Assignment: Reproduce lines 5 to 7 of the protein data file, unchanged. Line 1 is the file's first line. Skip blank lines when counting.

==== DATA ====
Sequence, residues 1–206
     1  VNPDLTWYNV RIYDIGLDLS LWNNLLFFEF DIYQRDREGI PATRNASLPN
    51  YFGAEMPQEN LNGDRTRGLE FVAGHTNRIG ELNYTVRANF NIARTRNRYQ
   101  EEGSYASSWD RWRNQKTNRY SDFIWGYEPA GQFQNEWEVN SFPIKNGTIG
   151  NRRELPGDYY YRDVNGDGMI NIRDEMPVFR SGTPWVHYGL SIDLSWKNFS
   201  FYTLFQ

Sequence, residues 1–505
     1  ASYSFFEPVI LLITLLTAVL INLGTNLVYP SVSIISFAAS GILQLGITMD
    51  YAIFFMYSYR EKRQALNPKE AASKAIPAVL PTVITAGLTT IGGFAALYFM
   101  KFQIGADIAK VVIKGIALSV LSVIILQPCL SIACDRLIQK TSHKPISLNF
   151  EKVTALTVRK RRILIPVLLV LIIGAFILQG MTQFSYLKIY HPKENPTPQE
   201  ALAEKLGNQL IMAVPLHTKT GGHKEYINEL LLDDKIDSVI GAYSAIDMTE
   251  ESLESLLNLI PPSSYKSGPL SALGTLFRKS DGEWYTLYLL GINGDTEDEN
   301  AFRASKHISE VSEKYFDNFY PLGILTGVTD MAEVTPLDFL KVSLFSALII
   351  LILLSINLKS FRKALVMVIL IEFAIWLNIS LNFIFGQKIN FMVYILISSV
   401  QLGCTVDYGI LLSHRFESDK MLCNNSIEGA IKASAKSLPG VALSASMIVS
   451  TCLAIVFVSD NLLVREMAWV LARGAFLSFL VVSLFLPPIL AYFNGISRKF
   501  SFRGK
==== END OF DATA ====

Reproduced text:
   151  NRRELPGDYY YRDVNGDGMI NIRDEMPVFR SGTPWVHYGL SIDLSWKNFS
   201  FYTLFQ

Sequence, residues 1–505